|Title||Transportability of the updated diabetes prediction model from Atherosclerosis Risk in Communities Study to a Middle Eastern adult population: community-based cohort study.|
|Publication Type||Journal Article|
|Year of Publication||2013|
|Authors||Bozorgmanesh M, Hadaegh F, Azizi F|
|Date Published||2013 Apr|
|Keywords||Adult, Atherosclerosis, Blood Glucose, Cohort Studies, Community Health Services, Diabetes Mellitus, Fasting, Female, Humans, Iran, Lipids, Male, Middle Aged, Reproducibility of Results, Risk Assessment, Risk Factors, Sensitivity and Specificity, Waist Circumference|
We validated the transportability of the updated diabetes prediction model from Atherosclerosis Risk in Communities (ARIC) Study, to a Middle Eastern population. We investigated 3,721 participants of the Tehran Lipid and Glucose Study (TLGS) aged ≥20 years, free of diabetes at baseline. They underwent a standard 75gr 2-h post-challenge plasma glucose test that was repeated every 3 years using the same protocol. All the models were tested with respect to discrimination and calibration. We confirm the findings of Kahn et al. (Ann Intern Med 150(11):741-751, 2009) in a middle-aged, Middle Eastern population. We obtained the same predictive discrimination for the ARIC model (C statistic: men 0.790 and women 0.829) as for the TLGS' own model (men 0.824 and women 0.847) and validated a good calibration for the updated ARIC diabetes prediction model in the TLGS sample. Among men, optimal cut-point was set to the score of 31 where the maximum value of sensitivity (71.6%) plus specificity (75.3%) was achieved. Among women, the optimal point was set to the score of 38 with sensitivity of 67.1% and specificity of 85.0%. The updated ARIC model predicted the individual diabetes risk with a high level of sensitivity and specificity in the TLGS population, which was comparable with that of original sample. More parsimonious model incorporating age, family history of diabetes, waist circumference, pulse rate, and fasting plasma glucose, which were significantly associated with the risk of incident diabetes in the TLGS population, could be equally effective in predicting diabetes.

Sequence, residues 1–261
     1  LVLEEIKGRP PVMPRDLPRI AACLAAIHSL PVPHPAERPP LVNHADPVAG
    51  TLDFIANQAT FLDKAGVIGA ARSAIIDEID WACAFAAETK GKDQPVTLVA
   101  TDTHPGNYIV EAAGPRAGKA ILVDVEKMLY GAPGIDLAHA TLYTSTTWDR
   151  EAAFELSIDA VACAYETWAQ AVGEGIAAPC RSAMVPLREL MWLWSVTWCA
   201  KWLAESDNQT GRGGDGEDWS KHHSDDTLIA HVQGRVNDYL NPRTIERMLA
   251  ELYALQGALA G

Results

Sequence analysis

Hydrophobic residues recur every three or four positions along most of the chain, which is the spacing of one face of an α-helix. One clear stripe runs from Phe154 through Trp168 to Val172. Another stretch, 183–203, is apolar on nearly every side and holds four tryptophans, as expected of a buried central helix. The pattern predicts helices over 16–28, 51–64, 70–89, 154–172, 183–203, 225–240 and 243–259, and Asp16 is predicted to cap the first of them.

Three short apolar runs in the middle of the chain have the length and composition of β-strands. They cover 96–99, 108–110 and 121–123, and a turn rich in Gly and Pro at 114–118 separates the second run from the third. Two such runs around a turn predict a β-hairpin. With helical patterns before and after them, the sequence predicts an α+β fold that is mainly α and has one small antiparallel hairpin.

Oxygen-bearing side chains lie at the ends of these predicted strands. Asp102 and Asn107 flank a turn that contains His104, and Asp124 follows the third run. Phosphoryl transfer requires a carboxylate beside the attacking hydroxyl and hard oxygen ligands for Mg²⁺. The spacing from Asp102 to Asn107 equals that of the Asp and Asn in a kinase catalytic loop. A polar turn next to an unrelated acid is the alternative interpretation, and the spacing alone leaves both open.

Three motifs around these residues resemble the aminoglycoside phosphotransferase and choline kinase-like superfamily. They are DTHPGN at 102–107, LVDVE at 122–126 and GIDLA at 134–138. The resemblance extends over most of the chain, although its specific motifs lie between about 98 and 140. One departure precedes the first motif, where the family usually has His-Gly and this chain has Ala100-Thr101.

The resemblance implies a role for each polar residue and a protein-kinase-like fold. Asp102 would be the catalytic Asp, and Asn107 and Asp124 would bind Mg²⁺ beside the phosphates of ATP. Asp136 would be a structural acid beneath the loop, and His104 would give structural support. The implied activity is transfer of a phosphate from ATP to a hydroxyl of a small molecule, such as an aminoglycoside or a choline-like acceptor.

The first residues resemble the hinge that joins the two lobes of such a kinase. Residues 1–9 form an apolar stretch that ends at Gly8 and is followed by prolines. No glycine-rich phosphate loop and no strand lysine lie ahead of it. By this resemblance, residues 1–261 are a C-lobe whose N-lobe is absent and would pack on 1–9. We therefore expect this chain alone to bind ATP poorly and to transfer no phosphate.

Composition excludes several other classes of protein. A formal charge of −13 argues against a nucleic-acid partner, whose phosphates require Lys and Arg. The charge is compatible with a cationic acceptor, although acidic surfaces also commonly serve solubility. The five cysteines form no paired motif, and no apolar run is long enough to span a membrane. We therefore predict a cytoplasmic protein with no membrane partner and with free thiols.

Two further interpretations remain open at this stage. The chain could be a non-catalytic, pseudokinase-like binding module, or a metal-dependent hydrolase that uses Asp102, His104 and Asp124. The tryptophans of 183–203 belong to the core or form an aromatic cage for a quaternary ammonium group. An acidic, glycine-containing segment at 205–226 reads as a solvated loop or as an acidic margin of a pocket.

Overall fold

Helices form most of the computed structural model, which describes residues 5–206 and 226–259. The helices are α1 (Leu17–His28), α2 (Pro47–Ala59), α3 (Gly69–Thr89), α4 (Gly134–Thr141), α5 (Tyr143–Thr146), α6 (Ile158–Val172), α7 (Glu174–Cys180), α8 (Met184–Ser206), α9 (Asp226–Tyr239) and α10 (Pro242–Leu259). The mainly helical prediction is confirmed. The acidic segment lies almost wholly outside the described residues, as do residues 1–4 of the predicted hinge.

|Alternate Journal||Acta Diabetol|